Under supervision of the sun, his fingertips are full of love;
when he lives with the moon, hands form fists, the doors and walls have holes—
muscles catch fire:
trying to force infantilization,
sticking nametags to every available swatch of fabric hanging
from her bony frame.
Her skin is peeling like dried paint curls from the wall.
She brushes it down like pushing
up her sleeves, feigning
a tough exterior.
The bathroom door explodes: her palm
is to her mouth; four horse pills
sit uncomfortably on her squirming tongue—
A single blow to her thoracic spine
(vertebra seven through nine, to be precise)
and the tile floor is medicated with
slimy, secondhand acetaminophen.
Pale worn flesh meets rug burn between
the bathroom and the walk-in closet where
she will huddle on the floor, shaking,
tiny bones ready to crack—
strong arms wrap around and pull her close.
Frail child-size hands catch hundreds of tears ‘till
one big, calloused mitt takes over.
His hand is to her little pink lips and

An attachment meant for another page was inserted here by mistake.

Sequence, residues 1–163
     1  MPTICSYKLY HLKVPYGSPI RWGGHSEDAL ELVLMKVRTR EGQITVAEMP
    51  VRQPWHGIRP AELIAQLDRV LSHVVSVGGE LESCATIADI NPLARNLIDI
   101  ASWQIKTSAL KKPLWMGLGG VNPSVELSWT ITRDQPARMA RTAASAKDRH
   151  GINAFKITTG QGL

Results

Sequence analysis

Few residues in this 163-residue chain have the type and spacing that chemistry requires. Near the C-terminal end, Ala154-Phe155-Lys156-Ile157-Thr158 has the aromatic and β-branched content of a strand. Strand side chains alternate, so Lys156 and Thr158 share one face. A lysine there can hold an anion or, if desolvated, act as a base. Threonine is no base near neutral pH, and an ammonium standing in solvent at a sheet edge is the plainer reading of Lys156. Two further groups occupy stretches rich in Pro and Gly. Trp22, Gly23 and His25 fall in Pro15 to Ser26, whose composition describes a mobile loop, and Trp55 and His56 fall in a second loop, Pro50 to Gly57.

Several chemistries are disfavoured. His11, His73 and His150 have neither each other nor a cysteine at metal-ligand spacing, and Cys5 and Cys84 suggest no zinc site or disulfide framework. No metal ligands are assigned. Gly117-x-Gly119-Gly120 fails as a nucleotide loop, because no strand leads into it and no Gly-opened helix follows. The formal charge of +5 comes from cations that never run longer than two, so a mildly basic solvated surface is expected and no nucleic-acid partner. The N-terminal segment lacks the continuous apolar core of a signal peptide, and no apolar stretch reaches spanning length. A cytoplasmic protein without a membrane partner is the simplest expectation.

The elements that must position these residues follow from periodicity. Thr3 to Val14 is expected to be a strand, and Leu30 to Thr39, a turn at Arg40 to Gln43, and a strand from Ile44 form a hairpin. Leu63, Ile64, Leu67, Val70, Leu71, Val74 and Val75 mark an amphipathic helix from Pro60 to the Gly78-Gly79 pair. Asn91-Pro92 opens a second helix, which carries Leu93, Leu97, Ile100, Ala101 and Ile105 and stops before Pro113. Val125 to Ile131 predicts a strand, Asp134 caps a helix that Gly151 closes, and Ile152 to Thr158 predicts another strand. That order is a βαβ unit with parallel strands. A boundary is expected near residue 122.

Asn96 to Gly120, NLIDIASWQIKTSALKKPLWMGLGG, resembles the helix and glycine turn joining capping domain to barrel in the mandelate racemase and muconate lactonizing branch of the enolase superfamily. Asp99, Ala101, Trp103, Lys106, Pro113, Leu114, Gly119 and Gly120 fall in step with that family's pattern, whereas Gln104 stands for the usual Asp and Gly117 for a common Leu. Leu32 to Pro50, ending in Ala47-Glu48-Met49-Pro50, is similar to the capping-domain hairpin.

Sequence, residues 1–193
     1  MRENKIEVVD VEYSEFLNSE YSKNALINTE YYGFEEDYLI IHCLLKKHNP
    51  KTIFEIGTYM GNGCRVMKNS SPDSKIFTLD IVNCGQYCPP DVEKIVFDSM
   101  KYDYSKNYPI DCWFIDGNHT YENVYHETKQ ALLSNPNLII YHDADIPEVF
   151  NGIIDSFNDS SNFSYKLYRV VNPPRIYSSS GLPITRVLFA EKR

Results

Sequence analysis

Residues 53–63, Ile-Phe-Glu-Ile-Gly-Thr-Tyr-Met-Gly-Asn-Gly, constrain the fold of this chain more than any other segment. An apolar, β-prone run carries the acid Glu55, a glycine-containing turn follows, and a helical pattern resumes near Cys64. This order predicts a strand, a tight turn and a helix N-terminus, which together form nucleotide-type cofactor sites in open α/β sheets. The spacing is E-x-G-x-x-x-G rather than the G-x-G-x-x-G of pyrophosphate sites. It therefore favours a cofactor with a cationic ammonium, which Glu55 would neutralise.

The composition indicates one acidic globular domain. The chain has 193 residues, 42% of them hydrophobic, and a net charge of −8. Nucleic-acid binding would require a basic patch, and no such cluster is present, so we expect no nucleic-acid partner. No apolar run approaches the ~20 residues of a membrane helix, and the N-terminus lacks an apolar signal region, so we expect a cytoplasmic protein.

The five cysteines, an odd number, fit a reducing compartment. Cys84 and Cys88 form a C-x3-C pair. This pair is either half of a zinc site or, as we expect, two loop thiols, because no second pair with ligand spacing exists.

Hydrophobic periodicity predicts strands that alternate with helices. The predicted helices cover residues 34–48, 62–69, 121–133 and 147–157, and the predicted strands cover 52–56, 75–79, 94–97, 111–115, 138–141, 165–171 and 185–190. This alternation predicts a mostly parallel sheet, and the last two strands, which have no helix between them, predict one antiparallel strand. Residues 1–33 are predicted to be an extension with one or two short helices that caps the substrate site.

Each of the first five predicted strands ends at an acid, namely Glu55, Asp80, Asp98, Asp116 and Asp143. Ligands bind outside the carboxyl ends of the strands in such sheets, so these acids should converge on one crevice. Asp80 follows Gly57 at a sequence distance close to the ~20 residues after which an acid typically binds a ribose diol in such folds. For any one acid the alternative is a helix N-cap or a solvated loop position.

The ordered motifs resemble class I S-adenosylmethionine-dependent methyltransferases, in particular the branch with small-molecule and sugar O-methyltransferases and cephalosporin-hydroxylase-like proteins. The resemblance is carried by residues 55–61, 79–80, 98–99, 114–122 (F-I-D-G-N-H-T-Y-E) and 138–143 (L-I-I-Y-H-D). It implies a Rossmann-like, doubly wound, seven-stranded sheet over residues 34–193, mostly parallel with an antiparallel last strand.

a tiny cold something tries to find a way in—
she greedily devours the lonely pill and
begs for the other three quarters
of her suicide.
Cynical laughter denies her pleas;
her lungs rip stale air from
mothball collections stored upon the shelves,
from shirts hanging stiffly,
ready for action that never comes,
from pants that lay lazily across
cheap plastic hangers.
She siphons O2 with her windpipe:
heaving sobs, obnoxious wailing, disgusting, guttural noises,
black mascara tire tracks—
she would swear on anything that her ribs were going to give.
Hazy home-video recordings on loop in her brain, the words
pound her body like hail and
the memories won’t leave. They’re bleeding
from her ears and eyes and her assailant stares on,
“Drama queen,” he reminds her.
Same as always, she cries
herself sick, he tucks
her into bed. Morning sunshine
shows bruises and she hides them
in her sweater.
Another flimsy paper hospital accessory, more
radiology tech jokes about her clumsy
hands, her butter-fingers.
And when asked her name, there’s
‘cause she’s got to remember which nametag
he let her wear today.